3. Is the Disney Dining Plan Worth It?
The million dollar question. And it really comes down to looking at how you want to vacation. I have some families who want to do lots of character meals, or who want to enjoy a lot of table service restaurants. For them the dining plan can be a savings over paying out of pocket. I have other groups who just want the convenience of having everything paid for ahead of time and not having to worry about the price on the menu. The dining plan gives them that convenience. Then I have others who don’t want to be tied down to reservations, don’t want to eat table service meals because of the time it takes away from their park time, or who want more flexibility in their planning (maybe 2 character meals and 1 table service for their 5 day stay). For them the dining plan is not a good choice. Families who are on a tighter budget for their trip may not want to add the dining plan either. They may find it easier and less expensive for them to bring food from home, make a stop at a grocery store (or have groceries delivered), go offsite for a couple of meals, share food at a quick service, or order appetizers at a table service.
2. How Many Days Should I Go?
I like to recommend a minimum of 5 days of vacation—not travel days, but vacation days. If you can afford that both financially and with your vacation days from work. This gives you 4 park days and a break day to rest, enjoy your resort and maybe Disney Springs. Depending on when and how you arrive and depart you may have a couple of other partial days to visit the parks. You just want to be careful not to completely wear yourself out. Ideally I like to see a family be able to travel from say Saturday-Saturday so they have 6 days to “play.” Then you have 5 full park days (so you can repeat your favorite) and a break day in there too.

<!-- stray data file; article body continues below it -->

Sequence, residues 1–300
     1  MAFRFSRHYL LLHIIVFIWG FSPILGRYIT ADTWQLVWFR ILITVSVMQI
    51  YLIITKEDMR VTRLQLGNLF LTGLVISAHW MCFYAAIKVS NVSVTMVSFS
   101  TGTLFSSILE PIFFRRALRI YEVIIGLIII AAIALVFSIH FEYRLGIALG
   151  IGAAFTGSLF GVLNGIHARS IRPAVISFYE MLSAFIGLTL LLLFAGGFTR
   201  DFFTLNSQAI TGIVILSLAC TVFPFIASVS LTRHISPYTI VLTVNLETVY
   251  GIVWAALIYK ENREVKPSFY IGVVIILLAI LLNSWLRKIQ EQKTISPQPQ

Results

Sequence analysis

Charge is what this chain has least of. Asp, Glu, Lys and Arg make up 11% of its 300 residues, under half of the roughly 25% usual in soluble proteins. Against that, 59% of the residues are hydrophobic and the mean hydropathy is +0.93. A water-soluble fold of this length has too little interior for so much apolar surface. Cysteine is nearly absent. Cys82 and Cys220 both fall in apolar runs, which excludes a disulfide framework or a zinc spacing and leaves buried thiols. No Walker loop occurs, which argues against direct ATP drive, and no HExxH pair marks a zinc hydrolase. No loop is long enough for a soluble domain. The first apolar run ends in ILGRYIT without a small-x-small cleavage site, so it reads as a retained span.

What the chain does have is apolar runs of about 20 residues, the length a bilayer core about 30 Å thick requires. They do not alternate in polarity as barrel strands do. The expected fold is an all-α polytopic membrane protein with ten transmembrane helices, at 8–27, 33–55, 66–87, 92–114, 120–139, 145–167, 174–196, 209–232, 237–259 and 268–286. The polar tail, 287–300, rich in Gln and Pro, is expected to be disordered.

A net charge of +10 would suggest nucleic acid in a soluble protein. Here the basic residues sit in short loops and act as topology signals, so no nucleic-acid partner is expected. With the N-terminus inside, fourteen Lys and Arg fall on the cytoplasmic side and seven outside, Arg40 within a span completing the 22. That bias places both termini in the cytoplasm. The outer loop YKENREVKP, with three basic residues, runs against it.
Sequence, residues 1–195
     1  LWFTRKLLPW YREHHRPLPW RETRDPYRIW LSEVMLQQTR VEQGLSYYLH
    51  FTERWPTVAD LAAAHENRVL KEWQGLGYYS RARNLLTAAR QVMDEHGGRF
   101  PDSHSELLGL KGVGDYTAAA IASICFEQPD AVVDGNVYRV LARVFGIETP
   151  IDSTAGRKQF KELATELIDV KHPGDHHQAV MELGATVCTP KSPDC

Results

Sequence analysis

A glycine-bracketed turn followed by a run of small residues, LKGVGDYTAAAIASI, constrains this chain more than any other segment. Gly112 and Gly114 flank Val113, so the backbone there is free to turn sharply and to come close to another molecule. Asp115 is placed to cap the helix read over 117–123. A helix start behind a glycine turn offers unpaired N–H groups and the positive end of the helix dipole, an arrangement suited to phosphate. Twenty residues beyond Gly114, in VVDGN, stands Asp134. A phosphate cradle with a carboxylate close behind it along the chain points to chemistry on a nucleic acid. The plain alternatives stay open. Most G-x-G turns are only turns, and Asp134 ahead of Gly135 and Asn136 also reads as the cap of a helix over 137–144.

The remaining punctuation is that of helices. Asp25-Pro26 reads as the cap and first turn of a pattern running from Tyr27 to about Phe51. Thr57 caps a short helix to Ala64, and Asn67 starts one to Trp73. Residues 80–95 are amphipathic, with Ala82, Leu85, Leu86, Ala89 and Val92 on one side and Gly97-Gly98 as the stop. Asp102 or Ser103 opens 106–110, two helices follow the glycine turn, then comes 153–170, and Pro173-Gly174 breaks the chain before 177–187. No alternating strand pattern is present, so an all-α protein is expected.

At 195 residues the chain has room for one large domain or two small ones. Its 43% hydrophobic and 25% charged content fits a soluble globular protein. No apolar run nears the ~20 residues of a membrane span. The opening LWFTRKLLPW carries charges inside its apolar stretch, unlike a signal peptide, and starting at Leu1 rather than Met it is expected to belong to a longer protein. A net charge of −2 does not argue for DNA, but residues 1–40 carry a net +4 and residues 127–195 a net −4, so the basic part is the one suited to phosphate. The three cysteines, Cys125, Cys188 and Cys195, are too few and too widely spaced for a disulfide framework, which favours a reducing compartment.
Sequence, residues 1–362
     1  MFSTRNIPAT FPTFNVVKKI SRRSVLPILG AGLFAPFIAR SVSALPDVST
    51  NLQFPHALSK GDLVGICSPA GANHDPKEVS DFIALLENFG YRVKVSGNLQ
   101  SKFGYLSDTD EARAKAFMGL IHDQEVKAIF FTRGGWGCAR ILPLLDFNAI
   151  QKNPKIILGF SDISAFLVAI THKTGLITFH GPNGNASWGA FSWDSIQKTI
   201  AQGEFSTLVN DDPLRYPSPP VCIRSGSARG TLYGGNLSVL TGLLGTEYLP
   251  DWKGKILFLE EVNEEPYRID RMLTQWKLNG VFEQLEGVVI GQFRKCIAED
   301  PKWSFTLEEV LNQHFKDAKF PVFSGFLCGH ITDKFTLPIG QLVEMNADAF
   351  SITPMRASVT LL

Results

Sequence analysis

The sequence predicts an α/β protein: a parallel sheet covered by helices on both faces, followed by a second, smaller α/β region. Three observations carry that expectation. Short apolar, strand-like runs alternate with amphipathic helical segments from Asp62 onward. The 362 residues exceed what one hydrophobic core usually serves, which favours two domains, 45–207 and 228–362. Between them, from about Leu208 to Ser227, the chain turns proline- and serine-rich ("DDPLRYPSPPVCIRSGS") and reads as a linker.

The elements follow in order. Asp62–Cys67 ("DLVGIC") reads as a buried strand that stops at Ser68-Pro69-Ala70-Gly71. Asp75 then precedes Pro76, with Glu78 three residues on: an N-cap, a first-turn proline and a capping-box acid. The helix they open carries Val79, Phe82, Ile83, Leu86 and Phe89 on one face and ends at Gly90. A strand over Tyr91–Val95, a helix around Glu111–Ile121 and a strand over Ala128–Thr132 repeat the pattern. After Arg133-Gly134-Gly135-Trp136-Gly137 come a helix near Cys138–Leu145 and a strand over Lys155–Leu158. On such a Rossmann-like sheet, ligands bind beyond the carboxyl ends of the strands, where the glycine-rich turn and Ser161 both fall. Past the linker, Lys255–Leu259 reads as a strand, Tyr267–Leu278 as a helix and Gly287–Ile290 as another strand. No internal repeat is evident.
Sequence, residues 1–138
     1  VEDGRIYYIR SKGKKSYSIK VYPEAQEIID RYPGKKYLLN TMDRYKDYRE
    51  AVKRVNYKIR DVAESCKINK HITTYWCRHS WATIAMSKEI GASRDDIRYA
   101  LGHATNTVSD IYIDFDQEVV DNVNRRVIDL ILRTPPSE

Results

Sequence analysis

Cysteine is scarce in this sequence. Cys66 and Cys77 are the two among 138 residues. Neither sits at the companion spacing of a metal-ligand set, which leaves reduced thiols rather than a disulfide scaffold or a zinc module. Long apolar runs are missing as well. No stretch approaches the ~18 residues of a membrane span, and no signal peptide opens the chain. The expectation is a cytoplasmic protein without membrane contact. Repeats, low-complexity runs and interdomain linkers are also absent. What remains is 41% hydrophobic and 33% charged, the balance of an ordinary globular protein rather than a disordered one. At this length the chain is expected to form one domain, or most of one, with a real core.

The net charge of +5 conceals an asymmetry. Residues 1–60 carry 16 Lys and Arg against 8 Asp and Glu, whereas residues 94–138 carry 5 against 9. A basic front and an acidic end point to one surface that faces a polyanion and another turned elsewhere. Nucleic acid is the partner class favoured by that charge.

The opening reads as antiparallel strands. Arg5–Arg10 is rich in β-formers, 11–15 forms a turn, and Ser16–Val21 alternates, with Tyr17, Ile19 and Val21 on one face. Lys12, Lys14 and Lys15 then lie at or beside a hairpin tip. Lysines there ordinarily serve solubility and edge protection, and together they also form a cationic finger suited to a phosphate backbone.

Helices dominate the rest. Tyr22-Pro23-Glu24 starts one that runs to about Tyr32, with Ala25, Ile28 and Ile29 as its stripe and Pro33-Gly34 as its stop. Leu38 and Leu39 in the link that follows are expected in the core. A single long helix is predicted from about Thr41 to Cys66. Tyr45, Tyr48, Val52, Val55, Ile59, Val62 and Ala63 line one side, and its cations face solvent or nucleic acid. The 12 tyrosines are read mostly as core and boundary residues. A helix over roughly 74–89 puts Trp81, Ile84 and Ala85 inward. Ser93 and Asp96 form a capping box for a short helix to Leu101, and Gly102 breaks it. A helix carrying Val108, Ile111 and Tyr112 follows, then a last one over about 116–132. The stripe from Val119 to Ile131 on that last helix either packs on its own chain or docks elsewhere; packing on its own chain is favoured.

1. How Much Is It Going to Cost?
This is a question that I refuse to answer until I put together a vacation proposal—there are too many variables. But, a Walt Disney World vacation is not going to be inexpensive. You have some control over the budget by deciding which grade of accommodations works best for your family—everything is available from value hotels to deluxe resorts with multi-room suites and even a Club Level service. You can also tweak your spending by the amount of days you stay, the amount of days on your park ticket, the add-ons to your park ticket (like park hopper and water parks), and the type of dining you want. While a Walt Disney World vacation is going to be an investment for most families, one they will save for, it is a vacation that has a lot of value for the price. The type of service and the level of entertainment you will experience on a Walt Disney World vacation—for everyone in your family from age 1-99, no matter what they are interested in—is world class and second to none.